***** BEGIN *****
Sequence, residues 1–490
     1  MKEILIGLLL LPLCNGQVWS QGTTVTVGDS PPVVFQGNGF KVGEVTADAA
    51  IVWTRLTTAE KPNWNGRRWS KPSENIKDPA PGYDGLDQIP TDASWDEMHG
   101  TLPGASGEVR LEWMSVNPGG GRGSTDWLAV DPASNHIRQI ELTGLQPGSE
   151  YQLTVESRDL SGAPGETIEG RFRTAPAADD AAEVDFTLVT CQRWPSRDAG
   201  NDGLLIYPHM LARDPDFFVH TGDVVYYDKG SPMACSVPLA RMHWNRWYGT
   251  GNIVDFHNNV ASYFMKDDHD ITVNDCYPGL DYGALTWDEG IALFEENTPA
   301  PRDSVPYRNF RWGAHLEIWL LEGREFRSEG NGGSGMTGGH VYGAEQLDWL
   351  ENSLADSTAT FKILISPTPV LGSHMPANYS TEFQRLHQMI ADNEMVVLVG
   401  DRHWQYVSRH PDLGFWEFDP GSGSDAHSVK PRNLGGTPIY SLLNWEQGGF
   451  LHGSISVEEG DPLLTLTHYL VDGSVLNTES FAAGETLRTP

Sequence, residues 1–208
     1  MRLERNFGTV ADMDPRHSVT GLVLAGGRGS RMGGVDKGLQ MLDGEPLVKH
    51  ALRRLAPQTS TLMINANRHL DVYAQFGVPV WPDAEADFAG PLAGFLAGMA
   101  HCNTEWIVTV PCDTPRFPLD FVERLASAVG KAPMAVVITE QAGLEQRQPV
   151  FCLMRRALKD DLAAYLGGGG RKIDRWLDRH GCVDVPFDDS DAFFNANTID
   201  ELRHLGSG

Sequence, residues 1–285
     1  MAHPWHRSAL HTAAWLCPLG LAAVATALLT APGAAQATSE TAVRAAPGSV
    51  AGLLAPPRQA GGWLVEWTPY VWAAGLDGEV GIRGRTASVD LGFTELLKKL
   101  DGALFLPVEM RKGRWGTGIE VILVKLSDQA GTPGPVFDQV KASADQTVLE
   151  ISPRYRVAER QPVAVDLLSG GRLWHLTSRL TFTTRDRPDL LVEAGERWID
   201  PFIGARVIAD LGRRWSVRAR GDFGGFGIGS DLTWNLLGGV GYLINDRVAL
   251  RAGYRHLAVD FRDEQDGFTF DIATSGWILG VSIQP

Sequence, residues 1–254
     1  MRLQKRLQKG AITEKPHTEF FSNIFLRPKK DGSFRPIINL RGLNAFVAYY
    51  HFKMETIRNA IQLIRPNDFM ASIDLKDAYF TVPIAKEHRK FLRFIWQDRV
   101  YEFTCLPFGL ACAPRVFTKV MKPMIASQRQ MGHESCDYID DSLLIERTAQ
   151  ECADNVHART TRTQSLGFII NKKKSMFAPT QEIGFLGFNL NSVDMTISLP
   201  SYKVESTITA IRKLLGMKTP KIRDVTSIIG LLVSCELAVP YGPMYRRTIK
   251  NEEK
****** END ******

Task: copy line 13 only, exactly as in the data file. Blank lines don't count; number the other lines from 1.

     1  MRLERNFGTV ADMDPRHSVT GLVLAGGRGS RMGGVDKGLQ MLDGEPLVKH